Michael Hait, CG

Michael Hait, CG, began his lecture by reminding us that any single record can mislead or contain errors. Many genealogical researchers have heard about the Genealogical Proof Standard (GPS) and its role in preventing us from coming to wrong conclusions and chasing the wrong ancestors. Michael briefly reviewed the five elements of the GPS, the first of which tells us that “reasonably exhaustive research” is a prerequisite for sound conclusions. Yet some researchers might ask: What is reasonable? How do you conduct reasonably exhaustive research? In his lecture Michael answered those questions and showed an example.

In a humorous way, he first told us what is not the answer to the first question. He promptly discredited the myth that three is “the magic number” of sources needed to ensure an accurate conclusion. Michael then gave us some practical guidance for how to go about meeting this important first element of the GPS.

Michael gave another wise piece of advice—expand your horizons—and followed it with an example of what that means and why it’s important to our research. He illustrated his points with a case study example using direct, indirect, and negative evidence, which was taken from his own research and writing on the Hait family.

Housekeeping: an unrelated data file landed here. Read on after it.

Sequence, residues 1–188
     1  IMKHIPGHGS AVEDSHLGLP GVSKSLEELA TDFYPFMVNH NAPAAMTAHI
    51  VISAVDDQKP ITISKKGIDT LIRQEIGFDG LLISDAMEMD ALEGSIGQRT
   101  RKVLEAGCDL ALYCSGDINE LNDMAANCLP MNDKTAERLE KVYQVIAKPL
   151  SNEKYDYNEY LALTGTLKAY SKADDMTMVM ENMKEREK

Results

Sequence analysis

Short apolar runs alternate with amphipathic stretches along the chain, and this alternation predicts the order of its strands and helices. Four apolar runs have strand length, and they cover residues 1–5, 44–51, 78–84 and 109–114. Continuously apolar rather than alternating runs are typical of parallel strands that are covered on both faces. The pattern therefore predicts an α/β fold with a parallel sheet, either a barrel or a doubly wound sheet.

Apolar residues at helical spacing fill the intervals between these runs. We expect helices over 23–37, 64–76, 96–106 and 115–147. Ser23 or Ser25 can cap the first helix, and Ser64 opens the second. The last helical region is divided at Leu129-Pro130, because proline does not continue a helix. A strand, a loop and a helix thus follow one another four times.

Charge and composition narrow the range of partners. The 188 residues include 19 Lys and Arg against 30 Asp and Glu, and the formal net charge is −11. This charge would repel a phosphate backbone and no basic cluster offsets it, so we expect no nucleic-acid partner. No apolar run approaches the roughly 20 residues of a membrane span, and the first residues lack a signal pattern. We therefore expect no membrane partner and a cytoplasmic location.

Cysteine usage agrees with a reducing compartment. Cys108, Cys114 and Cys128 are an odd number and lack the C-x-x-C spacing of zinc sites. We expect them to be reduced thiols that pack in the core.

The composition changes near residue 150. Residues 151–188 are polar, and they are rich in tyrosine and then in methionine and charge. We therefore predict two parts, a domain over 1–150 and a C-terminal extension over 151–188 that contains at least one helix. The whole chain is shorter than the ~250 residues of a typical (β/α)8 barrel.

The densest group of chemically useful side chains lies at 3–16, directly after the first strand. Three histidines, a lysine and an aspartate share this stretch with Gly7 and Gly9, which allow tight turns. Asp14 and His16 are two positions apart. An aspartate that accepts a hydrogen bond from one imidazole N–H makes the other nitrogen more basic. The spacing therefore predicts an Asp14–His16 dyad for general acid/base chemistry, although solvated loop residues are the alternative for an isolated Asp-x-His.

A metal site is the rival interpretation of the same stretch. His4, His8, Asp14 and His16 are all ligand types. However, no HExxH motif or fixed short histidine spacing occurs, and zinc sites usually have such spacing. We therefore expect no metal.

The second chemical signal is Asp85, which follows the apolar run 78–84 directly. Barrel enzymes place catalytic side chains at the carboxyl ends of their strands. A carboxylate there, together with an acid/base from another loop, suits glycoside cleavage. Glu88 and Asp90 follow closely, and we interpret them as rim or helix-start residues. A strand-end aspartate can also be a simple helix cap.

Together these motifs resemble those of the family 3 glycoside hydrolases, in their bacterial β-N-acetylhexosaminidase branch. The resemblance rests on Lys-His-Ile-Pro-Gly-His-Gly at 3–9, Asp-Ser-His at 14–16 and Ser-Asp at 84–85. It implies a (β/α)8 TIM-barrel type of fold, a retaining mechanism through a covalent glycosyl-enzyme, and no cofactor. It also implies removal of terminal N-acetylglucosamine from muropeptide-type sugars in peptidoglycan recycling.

Any family historian who is serious about producing accurate work and determining sound kinship connections will find this lecture full of useful ideas and guidance.

If you missed this lecture at the 2015 NGS Conference, a recording is available from Jamb Tapes, Inc. In addition, Michael will repeat his talk for the upcoming BCG Lecture Series on 9 October 2015 at the Family History Library in Salt Lake City. This series of six lectures sponsored by BCG is free and open to the public. No prior registration is necessary.

 

CG, Certified Genealogist, CGL, and Certified Genealogical Lecturer are service marks of the Board for Certification of Genealogists, used under license by Board-certified genealogists after periodic competency evaluation, and the board name is registered in the US Patent & Trademark Office.

Skillbuilding: Bettag on Historical Resources for Petitions to Congress

SpringBoard, an official blogger for the 2015 NGS Family History Conference, is pleased to offer a review of this Skillbuilding lecture, presented Friday, 15 May 2015:

F348: Claire Bettag, CG, FUGA, “Petitions, Memorials, and Remonstrances in Early America,” reviewed by Amy Larner Giroux, Ph.D., CG, CGL

Claire Bettag, CG, FUGA

Claire Bettag’s informative lecture entitled “Petitions, Memorials, and Remonstrances in Early America: Good Genealogical Sources” covers historical resources concerning petitions to Congress. Her examples focus on the First Federal Congress of the United States, which ran from 1789 to 1791.